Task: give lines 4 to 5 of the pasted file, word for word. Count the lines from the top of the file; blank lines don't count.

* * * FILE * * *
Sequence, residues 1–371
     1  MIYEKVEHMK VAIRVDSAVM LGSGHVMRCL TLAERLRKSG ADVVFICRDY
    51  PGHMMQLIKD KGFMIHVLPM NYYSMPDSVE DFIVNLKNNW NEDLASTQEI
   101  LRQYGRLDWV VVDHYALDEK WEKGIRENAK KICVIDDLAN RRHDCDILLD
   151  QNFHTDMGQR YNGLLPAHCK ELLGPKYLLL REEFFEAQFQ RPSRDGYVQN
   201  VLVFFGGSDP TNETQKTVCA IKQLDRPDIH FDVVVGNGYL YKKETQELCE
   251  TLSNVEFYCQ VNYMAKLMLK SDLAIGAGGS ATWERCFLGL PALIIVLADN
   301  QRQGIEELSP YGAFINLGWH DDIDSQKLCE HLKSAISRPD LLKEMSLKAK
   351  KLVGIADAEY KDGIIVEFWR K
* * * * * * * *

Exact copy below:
   101  LRQYGRLDWV VVDHYALDEK WEKGIRENAK KICVIDDLAN RRHDCDILLD
   151  QNFHTDMGQR YNGLLPAHCK ELLGPKYLLL REEFFEAQFQ RPSRDGYVQN